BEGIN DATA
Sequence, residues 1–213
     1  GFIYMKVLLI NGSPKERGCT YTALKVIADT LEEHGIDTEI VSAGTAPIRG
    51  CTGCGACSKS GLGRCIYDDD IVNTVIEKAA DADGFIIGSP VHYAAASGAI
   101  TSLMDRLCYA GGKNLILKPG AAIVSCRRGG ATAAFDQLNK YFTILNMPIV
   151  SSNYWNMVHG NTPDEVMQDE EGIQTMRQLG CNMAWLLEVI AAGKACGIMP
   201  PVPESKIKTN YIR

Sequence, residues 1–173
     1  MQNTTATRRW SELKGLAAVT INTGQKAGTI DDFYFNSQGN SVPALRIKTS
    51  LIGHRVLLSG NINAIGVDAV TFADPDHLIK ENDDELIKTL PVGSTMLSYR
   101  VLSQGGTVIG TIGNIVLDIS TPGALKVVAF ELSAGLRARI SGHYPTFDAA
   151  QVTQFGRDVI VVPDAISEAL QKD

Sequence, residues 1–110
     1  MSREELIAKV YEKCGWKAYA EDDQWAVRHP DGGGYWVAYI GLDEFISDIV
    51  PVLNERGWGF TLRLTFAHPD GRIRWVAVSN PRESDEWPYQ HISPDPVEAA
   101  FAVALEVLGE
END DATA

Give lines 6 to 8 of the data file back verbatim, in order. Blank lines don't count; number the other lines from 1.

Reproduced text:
   201  PVPESKIKTN YIR

Sequence, residues 1–173
     1  MQNTTATRRW SELKGLAAVT INTGQKAGTI DDFYFNSQGN SVPALRIKTS